After unloading of the consignment, a conformity check is conducted by verifying the processing date on the accompanying document and the number of packages. The inspection result is documented in EWM, indicating whether the consignment is "compliant" or "non-compliant", and communicated to customs through GTS.

If the consignment is found to be compliant, customs issues a status message confirming the completion of the transit procedure and sends a safekeeping notification. Consequently, the consignment is considered as presented. Depending on the authorization, it must be temporarily stored until it undergoes a subsequent customs procedure. During this period, the goods must remain unaltered, but activities such as quantity checks or preservation measures such as refrigeration for refrigerated goods are permitted.

Once the consignment has been checked, the goods receipt for the inbound delivery can be posted. To prevent the products from being altered, such as being used in production or fulfilling customer orders, they are assigned the stock type "blocked stock."
If any discrepancies are found between the physically received goods and the delivery documents, adjustments must be made to the EWM delivery accordingly, as subsequent GTS documents are generated based on this information.
The goods receipt in SAP EWM is then distributed to S/4HANA, where it is visible in the purchase order history.

The customs consignment must now be transferred into a subsequent procedure, such as free circulation. In GTS, the consignment is held in a worklist where it can be transferred to a subsequent customs procedure such as the local clearance procedure (depending on the company’s authorization). Once the subsequent customs procedure is chosen, the goods are considered released (subject to authorization), allowing for unrestricted use from a customs standpoint.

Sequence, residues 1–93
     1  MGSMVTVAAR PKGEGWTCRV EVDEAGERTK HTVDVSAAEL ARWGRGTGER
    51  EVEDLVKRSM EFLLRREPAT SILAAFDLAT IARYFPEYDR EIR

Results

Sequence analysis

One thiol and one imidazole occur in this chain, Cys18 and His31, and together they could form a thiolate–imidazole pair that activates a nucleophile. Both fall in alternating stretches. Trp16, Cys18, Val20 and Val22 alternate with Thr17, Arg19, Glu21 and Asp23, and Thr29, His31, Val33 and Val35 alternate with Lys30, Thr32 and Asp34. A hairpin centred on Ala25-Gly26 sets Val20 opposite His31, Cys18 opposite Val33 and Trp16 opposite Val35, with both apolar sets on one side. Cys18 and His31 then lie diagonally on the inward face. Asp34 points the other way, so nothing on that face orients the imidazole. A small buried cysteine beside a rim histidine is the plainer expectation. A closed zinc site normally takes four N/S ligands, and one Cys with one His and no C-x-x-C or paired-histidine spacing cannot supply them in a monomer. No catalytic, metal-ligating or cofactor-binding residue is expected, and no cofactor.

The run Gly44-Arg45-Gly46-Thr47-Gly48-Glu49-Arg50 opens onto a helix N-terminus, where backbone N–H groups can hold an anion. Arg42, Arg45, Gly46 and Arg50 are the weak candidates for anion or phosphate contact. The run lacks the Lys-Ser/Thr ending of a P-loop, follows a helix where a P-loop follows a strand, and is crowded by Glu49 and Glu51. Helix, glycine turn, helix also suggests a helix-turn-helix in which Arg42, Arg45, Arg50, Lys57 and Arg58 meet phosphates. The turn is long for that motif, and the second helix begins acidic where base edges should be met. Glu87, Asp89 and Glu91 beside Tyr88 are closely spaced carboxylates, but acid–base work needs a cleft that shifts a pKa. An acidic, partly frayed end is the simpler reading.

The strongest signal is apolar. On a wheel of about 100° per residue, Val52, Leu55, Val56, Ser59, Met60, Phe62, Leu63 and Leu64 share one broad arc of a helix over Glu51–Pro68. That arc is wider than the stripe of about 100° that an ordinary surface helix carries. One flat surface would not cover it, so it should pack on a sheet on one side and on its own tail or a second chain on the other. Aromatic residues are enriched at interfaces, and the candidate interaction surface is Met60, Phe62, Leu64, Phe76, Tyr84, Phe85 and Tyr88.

This initiates a stock transfer in EWM (e.g. to quality inspection stock or unrestricted use, based on configuration settings).
Based on the data from the inbound delivery and the selected subsequent procedure, along with the stored authorizations, GTS generates an import customs declaration. This declaration must be reviewed, modified, or supplemented with additional information as needed, before being sent to the customs authorities.

Once the stock posting is completed, the goods receipt processes for the consignment and materials (such as quality inspection, labeling, repackaging, storage, etc.) can be performed.

When the import customs declaration is transmitted, the customs authority receives the necessary data to determine import duties and taxes.

The customs authority acknowledges receipt of the declaration by sending an electronic processing notification. Following an examination of the declaration, the customs authority issues a decision regarding the declaration, which includes either releasing or blocking the consignment. Upon release, the import process is provisionally completed.

Follow-up Process

Depending on the authorization, the company receives the tax assessment notice either immediately after the declaration decision (refer to step 12) or must prepare a collective supplementary customs declaration for all imports within the corresponding month by month-end, followed by receipt of a collective tax assessment notice.

Bottom Line

The outlined process demonstrates the effective integration of SAP GTS, SAP EWM and SAP S/4HANA to fulfill customs obligations in the goods receipt process for imports from third countries. This integration facilitates smooth management of the entire import process, starting from the supplier's purchase order and ending in the settlement of import duties. Seamless cross-system communication and electronic messaging with customs authorities ensure efficient and transparent processing.